In Linux, what's the difference in a service and a daemon? I know a daemon is a long running process without a terminal, meant for servicing things such as requests from other processes or server type services such as a web server or dns server.

I understand that you can change the runlevel, and modify the different things which get executed at each runlevel.

However, service doesn't make sense. In the Windows sense of a service, it's almost the same thing as a daemon in Linux. In Linux, what role does a service fill that a daemon does not?

It also seems like you can control daemons using the service command.

Edited by Sphinx'LostNose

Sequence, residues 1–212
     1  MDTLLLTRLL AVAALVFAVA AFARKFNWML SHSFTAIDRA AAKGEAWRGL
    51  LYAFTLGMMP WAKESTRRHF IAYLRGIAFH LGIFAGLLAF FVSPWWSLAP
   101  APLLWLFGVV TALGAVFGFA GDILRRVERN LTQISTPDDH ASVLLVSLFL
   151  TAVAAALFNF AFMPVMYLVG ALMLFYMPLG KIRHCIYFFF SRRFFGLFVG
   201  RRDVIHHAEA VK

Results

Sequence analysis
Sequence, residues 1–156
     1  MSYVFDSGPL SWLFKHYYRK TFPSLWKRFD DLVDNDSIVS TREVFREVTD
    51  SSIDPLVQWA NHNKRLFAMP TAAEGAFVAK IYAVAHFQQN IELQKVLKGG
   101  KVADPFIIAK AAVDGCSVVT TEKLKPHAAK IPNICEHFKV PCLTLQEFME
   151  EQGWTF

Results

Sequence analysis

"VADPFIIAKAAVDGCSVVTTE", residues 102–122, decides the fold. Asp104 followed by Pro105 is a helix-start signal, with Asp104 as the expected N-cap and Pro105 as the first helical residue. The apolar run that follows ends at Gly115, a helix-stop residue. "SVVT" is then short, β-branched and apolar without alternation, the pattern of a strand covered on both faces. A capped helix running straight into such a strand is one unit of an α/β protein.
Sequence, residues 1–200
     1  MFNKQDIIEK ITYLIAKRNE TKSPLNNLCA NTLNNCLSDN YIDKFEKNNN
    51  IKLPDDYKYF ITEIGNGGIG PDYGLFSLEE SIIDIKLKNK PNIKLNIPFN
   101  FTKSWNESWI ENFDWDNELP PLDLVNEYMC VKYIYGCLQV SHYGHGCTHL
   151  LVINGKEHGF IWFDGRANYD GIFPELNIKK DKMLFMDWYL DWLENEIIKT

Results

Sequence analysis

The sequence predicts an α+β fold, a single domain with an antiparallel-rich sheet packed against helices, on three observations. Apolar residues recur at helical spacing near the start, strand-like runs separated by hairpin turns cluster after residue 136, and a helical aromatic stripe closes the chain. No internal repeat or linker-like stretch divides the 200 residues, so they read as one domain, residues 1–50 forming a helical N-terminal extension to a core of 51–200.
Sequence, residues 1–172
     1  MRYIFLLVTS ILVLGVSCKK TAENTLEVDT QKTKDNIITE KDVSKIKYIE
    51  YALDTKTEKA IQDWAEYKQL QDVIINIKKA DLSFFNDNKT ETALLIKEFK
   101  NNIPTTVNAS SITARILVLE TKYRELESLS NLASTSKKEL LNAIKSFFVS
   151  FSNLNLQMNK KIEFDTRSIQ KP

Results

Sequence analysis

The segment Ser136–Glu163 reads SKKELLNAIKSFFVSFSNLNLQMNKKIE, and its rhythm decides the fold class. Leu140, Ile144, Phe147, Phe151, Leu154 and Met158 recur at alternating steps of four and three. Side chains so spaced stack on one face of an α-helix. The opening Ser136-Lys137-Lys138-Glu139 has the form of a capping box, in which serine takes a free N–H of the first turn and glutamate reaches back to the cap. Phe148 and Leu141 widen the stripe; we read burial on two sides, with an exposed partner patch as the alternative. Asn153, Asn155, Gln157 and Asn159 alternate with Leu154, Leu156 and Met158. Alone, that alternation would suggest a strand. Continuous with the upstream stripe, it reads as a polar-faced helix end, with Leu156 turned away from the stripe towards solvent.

2 Years
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Last Post by rch1231

Service is the command that calls the scripts from /etc/init.d which control the daemon processes. Many people use the terms service and daemon to refer to the same thing however the true name is daemon.

A daemon is a computer program that runs as a background process, rather than being under the direct control of an interactive user. Traditionally daemon names end with the letter d. For example, syslogd is the daemon that implements the system logging facility, and sshd is a daemon that services incoming SSH connections.

The term was coined by the programmers of MIT's Project MAC. They took the name from Maxwell's demon, an imaginary being from a thought experiment that constantly works in the background, sorting molecules. Unix systems inherited this terminology. Maxwell's Demon is consistent with Greek mythology's interpretation of a daemon as a supernatural being working in the background, with no particular bias towards good or evil.

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